Resiliency is not an inherent trait, it is a practice.
In fact, our ability to respond to and cope with life is usually a direct reflection of how many challenges we’ve been through. It’s usually the people who are the most at peace who have also been through the worst that life could offer them.
There’s no coincidence in this.
When we learn to respond to our circumstances better, and especially through practice and repetition, we develop the character needed to get through life with more ease.
These are 7 strategies that you can use to not only respond to your emotions, but also learn from them, grow from them, and use them to your advantage.
Lean into how you feel.
Rather than leaning out of their emotions, resilient people get clear on what they feel and why.
Instead of leaning away from how they feel (such as one would do through drinking, suppression, or distraction) emotionally resilient people journal, speak with a therapist or trusted friend, or express their experience in some other way that validates it.
Accept it, even if you don’t like it.
Accepting something does not mean you’re okay with it. It doesn’t mean you aren’t going to change it. It doesn’t mean it’s right. Acceptance only means that you are no longer going to stay in denial about reality.
Acceptance is the first step to healing because until we see our circumstances for what they are, changing them becomes impossible. Even if your acceptance looks like you admitting that you’re in a crisis and you need help, that’s still progress, because you’re so much closer to receiving it as opposed to where you would be if you remained in denial.
Speak plainly about the facts.
When we’re all jumbled up in how we feel, the facts about what’s really going on can become totally skewed.
A way to instantly calm yourself down and get clear on what’s really happening is to speak the facts about the situation, or what you feel about the situation, as simply as you can. This may look like this:
- I am on the receiving end of a brutal breakup, one I didn’t see coming, and right now I’m feeling lost, unstable, and embarrassed.
- I dislike how I look, and after a lifelong battle to accept myself, I am feeling hopeless that I will ever find peace.
- I am anxious about my work situation, though I recognize it is irrational, the feelings are strong and are disrupting my quality of life.
Find your motive.
People who are resilient find the silver lining in anything.
Another way to put this is that they find their motive no matter what’s going on. If they are responsible for doing something they don’t feel like doing, they imagine what’s in it for them. If they are required to go to work, or exercise, or do really anything that isn’t immediately satisfying, they focus instead on what benefit they could extract from it.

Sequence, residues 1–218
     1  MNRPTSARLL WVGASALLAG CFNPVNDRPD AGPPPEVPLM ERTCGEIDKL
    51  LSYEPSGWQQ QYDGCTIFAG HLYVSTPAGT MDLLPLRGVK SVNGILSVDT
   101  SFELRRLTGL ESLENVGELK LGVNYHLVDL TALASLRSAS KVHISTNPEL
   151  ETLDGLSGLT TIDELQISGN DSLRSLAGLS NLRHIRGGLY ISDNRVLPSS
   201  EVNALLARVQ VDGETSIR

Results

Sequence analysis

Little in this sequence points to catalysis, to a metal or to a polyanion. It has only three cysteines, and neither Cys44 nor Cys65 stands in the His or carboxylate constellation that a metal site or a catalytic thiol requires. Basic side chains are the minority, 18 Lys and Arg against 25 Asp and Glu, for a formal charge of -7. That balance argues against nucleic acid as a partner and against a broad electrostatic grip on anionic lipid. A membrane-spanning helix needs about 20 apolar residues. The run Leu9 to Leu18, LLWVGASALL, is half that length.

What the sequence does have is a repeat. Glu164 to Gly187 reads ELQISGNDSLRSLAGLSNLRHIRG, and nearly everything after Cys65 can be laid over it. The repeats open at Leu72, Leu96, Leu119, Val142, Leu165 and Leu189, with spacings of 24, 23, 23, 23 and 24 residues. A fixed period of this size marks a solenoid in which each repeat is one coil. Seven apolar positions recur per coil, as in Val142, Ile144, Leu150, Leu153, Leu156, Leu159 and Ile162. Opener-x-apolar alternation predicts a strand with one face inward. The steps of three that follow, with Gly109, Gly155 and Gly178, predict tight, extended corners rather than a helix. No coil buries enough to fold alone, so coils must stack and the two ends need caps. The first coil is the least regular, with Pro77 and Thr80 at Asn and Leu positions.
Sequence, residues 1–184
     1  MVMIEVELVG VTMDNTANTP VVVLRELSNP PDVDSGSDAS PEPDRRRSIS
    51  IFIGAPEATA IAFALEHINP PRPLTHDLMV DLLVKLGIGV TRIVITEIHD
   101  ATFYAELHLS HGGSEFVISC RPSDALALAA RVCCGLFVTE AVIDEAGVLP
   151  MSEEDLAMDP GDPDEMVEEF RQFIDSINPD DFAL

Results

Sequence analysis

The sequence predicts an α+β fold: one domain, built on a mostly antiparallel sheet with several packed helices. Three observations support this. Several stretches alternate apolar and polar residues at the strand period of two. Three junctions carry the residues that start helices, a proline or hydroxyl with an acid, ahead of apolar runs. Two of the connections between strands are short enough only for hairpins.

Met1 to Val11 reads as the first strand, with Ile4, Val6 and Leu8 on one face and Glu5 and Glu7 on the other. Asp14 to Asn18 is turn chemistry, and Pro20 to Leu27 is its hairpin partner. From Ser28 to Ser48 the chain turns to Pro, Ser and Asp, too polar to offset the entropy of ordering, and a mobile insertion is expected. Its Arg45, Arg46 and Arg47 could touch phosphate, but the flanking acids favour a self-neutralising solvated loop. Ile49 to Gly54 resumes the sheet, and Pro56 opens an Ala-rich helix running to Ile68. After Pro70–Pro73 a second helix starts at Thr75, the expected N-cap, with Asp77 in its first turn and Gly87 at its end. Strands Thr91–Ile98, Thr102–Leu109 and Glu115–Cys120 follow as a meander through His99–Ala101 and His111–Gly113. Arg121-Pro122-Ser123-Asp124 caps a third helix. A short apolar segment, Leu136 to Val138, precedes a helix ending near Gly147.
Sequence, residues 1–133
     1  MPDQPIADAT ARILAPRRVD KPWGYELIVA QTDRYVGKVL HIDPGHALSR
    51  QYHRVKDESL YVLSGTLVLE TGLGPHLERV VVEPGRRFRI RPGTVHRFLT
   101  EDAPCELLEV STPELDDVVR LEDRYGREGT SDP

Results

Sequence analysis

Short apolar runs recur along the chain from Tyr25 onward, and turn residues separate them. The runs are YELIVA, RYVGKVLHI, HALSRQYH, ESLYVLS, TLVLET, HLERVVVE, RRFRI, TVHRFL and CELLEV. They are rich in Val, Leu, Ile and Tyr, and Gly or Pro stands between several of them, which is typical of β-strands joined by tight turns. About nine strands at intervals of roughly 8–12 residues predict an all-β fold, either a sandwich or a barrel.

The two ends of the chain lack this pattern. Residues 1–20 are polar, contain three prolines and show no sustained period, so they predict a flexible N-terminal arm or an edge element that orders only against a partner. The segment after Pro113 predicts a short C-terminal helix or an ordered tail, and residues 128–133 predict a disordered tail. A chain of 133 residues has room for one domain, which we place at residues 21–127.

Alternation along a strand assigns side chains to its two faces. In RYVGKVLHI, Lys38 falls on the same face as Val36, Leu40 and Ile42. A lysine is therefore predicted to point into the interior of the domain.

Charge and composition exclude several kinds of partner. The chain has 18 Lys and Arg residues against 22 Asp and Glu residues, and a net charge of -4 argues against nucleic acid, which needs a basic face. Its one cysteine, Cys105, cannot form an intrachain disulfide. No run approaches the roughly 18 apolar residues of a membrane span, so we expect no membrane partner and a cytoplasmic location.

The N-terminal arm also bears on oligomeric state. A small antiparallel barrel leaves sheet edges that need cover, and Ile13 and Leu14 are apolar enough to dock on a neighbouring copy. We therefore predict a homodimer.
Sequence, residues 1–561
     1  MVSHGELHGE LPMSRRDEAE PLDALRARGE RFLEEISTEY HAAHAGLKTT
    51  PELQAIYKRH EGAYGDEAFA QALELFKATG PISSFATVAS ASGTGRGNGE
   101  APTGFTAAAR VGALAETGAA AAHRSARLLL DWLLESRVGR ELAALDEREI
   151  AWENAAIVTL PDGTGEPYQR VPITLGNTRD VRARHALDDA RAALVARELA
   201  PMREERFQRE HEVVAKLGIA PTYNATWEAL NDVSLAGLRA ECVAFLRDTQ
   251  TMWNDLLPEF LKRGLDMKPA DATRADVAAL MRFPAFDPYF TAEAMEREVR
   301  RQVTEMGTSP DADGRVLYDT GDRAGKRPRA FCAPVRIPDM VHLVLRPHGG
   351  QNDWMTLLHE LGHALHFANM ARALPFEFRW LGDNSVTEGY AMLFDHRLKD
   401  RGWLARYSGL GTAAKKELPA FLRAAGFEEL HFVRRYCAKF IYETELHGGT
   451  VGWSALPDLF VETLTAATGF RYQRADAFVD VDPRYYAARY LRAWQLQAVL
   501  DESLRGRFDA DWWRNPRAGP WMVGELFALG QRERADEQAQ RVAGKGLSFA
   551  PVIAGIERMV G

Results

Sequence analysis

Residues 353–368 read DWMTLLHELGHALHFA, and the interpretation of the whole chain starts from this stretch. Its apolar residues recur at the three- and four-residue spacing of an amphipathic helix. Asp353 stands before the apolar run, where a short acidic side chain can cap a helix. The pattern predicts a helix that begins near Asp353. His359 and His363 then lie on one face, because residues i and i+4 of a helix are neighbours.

Instead of thinking that you dislike your one family member so you’re dreading the holidays, consider how happy you’ll be to see everyone else you love — that should make one individual seem worth dealing with. Instead of thinking that you don’t want to go to work, think about your long-term goals, or even just your paycheck. Instead of thinking that you don’t want to exercise, think about how much better you’ll feel after you do, or how accomplished you’ll feel at the end of the week.
In anything life has to offer, there is always a benefit to be found. Emotionally resilient people find it.
Learn to laugh at yourself.
Humor is an incredible tool to diffuse otherwise tense and difficult situations.
If you’re able to make a joke about what you’re going through, or find something funny and ridiculous within your own behavior, you’ll likely find yourself much more able to cope with what’s going on. Humor instantly lightens any situation, and when you don’t take everything so seriously, it alleviates so much unnecessary pressure.
Solve the problem.
More often than not, there is some kind of action that we can take in order to resolve whatever is bothering us.
In fact, we often find that the things that irritate us most consistently are the ones that are pointing toward an issue in our lives that we need to work to resolve. If we are constantly stressed about finances, then financial health needs to be something we strategize and prioritize. If we are in constant conflict in our relationships, then learning emotional intelligence and how to better get along with others should be what we’re focusing on.
Though most people simply allow life to happen to them, the emotionally resilient recognize that a lot of life is a reflection of them, and therefore, they can control, if not at bare minimum influence, their own outcomes.
When we are most uncomfortable in our lives, it is often because life is demanding a better version of us start showing up. Though discomfort seems as though it should be our enemy, it is really our greatest ally, a deep and pervasive knowing that we are deserving of more, capable of more, and destined for more.
The most impactful thing that emotionally resilient people do is adapt. When their old ways can no longer support them, they reinvent. They release old aspects of themselves, and build new ones. They are in a constant state of growth.
Though you cannot always control what you feel, you can control how you respond, and in that response, you can find your freedom.